am = 1

r|m|

f(rk · e)Φm(k · e)α(dk),

where K = Str(VC) ∩ U(VC), hence satisfy the following Cauchy inequality: for 0 < r < 1,

|am| ≤ 1

|f(rk · e)|,

It follows that, for s ∈ Cn, and r, 0 < r < 1, there is a constant A(s, r) such that

|γm(s)| ≤ A(s, r)

r|m| .

For s = m − ρ, m−ρ(z) = Φm(z), and the binomial formula can be written in that case

Φm(e+ z) = ∑ k⊂m

k

) = dk

vanishes if k 6⊂ m.

In the case of the cone of n × n Hermitian matrices of positive type, ⊂ V = Herm(n,C), i.e. d = 2, the spherical polynomials can be expressed in terms of the Schur functions sm:

Φm

sm(1n) .

18

The spherical expansion of the exponential of the trace can be written

etr x = ∑ m

h(m) χm(x),

where h(m) is the product of the hook-lengths of the partition m, and χm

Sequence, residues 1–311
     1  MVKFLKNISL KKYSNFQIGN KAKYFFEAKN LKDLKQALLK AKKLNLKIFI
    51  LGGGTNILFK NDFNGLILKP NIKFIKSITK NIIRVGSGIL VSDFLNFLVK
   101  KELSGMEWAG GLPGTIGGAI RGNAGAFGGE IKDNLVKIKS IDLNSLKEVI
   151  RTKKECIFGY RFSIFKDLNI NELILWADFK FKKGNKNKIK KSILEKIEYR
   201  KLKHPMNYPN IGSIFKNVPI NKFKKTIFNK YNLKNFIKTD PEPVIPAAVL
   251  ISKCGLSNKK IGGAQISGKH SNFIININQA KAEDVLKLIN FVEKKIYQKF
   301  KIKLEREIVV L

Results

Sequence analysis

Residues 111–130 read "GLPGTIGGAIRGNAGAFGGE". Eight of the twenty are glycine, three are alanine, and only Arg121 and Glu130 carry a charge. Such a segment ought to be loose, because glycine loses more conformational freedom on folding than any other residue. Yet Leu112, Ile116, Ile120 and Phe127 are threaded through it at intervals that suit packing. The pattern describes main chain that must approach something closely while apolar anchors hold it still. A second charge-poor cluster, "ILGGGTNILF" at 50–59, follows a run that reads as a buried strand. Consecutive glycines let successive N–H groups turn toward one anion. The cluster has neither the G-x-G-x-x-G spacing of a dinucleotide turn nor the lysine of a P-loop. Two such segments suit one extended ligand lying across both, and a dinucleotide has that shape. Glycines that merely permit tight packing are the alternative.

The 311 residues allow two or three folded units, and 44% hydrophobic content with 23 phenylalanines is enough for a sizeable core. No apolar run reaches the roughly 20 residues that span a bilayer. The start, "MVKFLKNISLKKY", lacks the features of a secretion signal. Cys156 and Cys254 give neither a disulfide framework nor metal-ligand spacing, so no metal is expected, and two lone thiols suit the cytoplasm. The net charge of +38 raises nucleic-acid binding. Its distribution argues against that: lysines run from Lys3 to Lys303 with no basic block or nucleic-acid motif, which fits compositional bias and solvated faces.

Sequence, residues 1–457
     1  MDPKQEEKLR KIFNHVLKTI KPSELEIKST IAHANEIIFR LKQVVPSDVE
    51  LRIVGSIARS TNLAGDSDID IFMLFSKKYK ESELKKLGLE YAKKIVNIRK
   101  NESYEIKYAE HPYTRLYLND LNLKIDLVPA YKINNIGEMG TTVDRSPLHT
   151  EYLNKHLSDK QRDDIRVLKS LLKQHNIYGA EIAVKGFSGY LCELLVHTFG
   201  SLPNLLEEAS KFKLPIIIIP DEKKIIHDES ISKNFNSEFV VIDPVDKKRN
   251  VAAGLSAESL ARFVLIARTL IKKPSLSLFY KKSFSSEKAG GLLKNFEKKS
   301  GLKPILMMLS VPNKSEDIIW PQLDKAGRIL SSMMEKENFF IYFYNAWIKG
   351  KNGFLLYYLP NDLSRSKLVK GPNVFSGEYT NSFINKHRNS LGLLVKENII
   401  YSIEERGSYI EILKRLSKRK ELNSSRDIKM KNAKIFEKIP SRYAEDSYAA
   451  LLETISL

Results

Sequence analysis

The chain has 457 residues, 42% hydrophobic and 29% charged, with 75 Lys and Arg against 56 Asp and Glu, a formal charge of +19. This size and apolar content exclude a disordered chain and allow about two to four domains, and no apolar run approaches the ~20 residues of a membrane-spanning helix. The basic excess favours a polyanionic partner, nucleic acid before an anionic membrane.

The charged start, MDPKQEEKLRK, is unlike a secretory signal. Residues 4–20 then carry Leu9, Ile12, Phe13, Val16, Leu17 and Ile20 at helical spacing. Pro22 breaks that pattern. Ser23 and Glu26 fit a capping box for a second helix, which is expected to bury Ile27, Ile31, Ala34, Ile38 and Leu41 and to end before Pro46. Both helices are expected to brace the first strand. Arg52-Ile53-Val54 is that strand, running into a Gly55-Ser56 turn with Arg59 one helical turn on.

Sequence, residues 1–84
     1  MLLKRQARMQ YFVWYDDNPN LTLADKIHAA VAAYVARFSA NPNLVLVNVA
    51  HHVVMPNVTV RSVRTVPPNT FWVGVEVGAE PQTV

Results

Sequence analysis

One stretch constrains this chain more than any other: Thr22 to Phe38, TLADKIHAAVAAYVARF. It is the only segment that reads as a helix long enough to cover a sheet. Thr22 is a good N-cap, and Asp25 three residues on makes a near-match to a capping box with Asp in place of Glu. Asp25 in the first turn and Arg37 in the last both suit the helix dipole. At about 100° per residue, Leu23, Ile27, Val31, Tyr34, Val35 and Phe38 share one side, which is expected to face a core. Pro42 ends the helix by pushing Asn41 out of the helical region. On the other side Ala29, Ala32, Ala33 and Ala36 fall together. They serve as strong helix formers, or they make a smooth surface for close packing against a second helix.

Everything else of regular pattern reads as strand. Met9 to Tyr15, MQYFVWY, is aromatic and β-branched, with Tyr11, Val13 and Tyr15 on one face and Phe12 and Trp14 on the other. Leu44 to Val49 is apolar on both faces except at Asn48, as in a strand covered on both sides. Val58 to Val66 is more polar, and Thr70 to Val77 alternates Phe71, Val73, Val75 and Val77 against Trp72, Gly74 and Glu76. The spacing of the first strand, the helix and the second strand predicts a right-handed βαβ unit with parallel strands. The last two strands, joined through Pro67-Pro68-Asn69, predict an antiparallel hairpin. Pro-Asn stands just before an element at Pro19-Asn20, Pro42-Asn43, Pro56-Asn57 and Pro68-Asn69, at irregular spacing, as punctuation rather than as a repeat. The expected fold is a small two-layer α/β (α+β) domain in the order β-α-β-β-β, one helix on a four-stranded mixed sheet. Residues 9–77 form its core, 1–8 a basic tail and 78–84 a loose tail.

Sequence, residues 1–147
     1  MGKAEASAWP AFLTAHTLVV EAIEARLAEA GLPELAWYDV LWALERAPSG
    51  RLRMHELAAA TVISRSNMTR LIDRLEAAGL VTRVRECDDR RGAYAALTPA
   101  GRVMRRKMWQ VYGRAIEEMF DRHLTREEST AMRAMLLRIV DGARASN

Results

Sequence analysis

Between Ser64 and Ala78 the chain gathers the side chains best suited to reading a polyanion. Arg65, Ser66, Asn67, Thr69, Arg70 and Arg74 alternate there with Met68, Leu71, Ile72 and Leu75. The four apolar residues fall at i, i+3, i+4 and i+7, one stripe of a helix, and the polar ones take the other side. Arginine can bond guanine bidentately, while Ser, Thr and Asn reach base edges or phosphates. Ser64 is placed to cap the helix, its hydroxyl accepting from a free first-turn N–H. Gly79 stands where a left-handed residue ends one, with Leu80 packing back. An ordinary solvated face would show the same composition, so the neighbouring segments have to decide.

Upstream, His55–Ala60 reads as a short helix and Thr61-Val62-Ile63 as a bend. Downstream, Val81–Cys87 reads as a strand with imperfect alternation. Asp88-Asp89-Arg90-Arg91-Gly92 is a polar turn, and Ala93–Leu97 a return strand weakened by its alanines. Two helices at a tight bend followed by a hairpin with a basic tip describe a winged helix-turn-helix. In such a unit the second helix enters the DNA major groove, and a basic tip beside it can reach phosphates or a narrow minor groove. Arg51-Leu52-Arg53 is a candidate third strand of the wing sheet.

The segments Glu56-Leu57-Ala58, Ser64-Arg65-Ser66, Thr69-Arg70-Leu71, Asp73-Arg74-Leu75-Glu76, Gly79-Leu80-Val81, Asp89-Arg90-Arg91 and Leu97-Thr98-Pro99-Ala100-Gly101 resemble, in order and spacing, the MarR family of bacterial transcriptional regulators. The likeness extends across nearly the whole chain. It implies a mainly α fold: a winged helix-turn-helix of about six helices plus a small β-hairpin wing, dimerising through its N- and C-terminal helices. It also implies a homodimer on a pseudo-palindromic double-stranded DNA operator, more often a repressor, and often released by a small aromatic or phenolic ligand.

is the character of the representation of GL(n,C) with highest weight m. Equivalently

ea1+···+an = ∑ m

dm = ( sm(1n)

)2 , therefore

The binomial formula for the Schur functions is written as

sm(1 + a1, . . . , 1 + an)

(n)k s∗k(m)sk(a1, . . . , an),

where s∗k(m) is a the shifted Schur function ([Okounkov-Olshanski,1997]. The following relations follow(

m

k

s∗k(m)

Pollaczek polynomials

The multivariate Meixner-Pollaczek polynomials Q (ν) m (s) can be defined by

the generating formula∑ m

ν 2s

”hypergeometric representation”

19

The polynomials Q (ν) m (iλ) are orthogonal with respect to the measure Mν(dλ)

on Rn given by

|c(iλ)|2 m(dλ),

where m is the Lebesgue measure, and c is the Harish-Chandra c-function of the symmetric cone :

c(s) = c0 ∏ j<k

) (B is the Euler beta function). One can see that